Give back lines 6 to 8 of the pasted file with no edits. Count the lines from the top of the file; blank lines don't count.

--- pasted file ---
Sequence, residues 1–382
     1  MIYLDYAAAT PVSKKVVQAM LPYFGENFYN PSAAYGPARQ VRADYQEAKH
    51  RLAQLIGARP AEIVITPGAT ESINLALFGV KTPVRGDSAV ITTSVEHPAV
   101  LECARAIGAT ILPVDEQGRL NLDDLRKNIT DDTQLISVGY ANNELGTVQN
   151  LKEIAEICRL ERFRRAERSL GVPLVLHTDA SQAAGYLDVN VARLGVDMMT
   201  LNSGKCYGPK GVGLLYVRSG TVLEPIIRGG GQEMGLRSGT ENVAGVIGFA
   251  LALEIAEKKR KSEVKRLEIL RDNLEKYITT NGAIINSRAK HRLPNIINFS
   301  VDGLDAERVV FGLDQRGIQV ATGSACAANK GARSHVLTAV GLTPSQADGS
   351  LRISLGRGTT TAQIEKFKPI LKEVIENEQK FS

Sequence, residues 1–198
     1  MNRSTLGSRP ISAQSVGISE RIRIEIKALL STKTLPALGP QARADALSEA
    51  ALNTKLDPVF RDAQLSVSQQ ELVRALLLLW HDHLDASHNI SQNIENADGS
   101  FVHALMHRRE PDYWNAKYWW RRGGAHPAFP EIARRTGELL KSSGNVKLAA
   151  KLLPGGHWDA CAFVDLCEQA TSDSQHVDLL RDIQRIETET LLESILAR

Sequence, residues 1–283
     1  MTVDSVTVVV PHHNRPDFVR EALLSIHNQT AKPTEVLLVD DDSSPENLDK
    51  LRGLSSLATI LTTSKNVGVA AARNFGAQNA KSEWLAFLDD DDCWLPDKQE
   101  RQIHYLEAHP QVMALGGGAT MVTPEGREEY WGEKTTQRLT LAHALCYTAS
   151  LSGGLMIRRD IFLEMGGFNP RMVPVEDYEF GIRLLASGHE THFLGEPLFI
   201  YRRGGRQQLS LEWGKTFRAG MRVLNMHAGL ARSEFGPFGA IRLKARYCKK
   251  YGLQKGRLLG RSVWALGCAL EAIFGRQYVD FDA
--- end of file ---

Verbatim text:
   201  LNSGKCYGPK GVGLLYVRSG TVLEPIIRGG GQEMGLRSGT ENVAGVIGFA
   251  LALEIAEKKR KSEVKRLEIL RDNLEKYITT NGAIINSRAK HRLPNIINFS
   301  VDGLDAERVV FGLDQRGIQV ATGSACAANK GARSHVLTAV GLTPSQADGS